Jonah – The Saga Continues!

Last week we left off with Jonah calling it quits. He would rather go into the sea and drown than to go to where the LORD, the creator of the sea and the dry land, has sent him. God says one thing, and we do another. I liken Jonah at this point to an upset kid who’s been grounded and continues to dig the hole deeper. He just doesn’t know when to quit and to listen and to say, “Sorry.” Instead, he picks up the metaphorical shovel, throws his entire weight behind it, and flings himself into the sea to sink into the pit he has created for himself.

And I can relate. Listening to God can be trying, and hard, and exasperating. It’s almost like searching the unknown for direction. It can seem easier to choose the path that we know in spite of it being a broken one than to listen to a God who calls us to our own intimidating and internal Ninevehs. And yet, that’s where God calls us. To Nineveh.

And so Jonah would rather die than live. He is guilty of being disobedient to God in the same way that Adam and Eve were at the Fall, and you and I are every time we place our own will before God’s. And maybe this drowning is what we deserve. This thing that Jonah has done for himself, maybe that’s what we deserve too.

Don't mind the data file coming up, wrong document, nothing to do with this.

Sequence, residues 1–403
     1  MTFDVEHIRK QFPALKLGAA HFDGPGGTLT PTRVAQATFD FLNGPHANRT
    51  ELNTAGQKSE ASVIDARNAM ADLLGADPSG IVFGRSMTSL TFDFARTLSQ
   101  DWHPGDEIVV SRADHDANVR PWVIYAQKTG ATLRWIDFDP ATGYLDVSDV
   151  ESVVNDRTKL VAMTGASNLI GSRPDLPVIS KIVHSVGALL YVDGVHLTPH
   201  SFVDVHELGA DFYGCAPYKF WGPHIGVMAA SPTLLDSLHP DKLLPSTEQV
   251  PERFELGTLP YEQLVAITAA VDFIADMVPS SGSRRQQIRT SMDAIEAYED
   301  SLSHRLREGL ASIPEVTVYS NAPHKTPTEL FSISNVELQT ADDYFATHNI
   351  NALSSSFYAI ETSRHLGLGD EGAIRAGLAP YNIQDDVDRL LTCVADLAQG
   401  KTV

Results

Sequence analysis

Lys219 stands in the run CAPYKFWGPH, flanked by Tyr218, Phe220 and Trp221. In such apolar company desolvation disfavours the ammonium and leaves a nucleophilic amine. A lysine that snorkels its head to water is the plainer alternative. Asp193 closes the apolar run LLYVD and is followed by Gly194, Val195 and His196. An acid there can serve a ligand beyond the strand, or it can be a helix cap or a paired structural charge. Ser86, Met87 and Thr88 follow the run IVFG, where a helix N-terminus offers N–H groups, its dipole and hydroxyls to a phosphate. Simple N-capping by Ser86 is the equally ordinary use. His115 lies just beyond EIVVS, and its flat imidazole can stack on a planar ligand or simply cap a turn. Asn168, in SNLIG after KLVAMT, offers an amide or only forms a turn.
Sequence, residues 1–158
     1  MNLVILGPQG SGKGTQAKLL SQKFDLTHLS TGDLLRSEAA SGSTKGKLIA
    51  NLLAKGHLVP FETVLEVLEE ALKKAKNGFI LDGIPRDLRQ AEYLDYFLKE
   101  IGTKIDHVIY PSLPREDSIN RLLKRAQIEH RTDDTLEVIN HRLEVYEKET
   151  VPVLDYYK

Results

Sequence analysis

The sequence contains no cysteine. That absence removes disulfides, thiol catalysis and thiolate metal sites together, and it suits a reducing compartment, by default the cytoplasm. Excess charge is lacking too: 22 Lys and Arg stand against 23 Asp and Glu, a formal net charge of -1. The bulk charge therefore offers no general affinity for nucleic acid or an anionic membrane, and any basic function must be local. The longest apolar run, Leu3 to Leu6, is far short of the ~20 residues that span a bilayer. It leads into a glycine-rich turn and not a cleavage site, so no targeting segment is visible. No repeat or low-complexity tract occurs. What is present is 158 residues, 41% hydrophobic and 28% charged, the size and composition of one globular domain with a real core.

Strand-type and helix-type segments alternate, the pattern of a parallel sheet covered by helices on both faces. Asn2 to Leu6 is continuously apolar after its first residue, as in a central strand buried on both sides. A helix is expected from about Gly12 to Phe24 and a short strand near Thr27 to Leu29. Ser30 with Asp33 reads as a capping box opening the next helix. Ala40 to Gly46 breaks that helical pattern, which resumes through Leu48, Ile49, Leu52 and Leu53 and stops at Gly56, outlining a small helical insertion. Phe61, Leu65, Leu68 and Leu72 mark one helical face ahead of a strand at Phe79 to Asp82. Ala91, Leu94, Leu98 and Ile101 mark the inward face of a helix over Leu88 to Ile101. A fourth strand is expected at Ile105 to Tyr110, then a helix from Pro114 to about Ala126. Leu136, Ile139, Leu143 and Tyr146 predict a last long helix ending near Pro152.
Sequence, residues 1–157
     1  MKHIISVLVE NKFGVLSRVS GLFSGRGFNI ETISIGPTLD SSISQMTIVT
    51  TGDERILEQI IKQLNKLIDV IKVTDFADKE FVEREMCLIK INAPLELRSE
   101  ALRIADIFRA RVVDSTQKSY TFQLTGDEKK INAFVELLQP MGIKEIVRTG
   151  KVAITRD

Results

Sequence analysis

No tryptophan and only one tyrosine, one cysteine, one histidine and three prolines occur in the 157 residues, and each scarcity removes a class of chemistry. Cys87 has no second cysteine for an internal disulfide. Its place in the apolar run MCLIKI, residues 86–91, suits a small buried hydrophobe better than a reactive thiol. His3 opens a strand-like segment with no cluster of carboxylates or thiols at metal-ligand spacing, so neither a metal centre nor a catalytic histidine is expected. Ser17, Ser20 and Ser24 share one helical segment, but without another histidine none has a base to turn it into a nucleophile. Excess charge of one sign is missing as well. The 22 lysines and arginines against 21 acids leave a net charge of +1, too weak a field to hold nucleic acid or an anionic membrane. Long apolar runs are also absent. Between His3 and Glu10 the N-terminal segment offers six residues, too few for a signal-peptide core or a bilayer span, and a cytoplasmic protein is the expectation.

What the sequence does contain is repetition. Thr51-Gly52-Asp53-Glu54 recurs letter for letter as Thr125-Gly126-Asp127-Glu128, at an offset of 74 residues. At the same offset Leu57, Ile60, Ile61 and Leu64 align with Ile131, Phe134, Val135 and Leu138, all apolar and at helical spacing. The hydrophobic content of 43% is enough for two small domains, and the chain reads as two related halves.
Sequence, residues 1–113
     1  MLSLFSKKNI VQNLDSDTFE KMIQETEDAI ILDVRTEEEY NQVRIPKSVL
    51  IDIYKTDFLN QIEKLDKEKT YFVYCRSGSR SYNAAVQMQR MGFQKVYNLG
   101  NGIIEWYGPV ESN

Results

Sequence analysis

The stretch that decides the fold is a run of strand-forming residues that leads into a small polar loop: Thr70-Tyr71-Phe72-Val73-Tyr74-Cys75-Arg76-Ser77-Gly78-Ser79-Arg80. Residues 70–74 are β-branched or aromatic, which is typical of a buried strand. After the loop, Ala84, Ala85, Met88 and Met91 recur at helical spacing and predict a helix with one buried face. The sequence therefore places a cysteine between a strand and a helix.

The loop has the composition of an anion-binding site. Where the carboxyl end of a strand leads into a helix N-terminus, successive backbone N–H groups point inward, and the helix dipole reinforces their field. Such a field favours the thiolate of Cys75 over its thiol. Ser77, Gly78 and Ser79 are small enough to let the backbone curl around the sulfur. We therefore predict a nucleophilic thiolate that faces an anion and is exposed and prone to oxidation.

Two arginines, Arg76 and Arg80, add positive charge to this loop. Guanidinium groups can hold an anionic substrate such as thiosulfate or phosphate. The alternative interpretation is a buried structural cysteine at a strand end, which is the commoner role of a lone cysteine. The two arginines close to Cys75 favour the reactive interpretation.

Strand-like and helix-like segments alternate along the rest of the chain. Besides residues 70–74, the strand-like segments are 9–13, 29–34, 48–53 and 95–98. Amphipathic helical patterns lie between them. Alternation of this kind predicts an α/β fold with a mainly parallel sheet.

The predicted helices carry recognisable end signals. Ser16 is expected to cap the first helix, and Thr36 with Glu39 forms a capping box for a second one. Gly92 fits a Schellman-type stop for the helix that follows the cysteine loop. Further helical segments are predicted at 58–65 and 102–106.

And yet God desires life for us. When Jonah is sinking into his own stuff and literally drowning in it, God “provides a large fish to swallow Jonah up.”

I love that scripture here reads, “Provides.” I think that it really captures the sense of what is going down here and, yes, that pun was intended. We are drowning and God will not let go of us.  The LORD, the God of heaven, who created the sea and the dry land, in all of that majesty and grandeur cares about you and me, even as we are broken and rebellious. And so God sends life to us.

God in this story has seen the fallen-ness of “that great city” of Nineveh and had sent Jonah to cry out against it so it might be redeemed. When Jonah runs away and was just as rebellious – and probably like Nineveh deserves death – God sends a fish to give Jonah redemption. God sends life to us.

There is a theme here, I think.

Even as we run from God, or put ourselves before God, or would rather drown in our own stuff than live into God, – God comes to us in redemption and life. And it could be as a disgruntled prophet, or as a large fish, or in Christ Jesus, – but God provides always and God never lets go of us.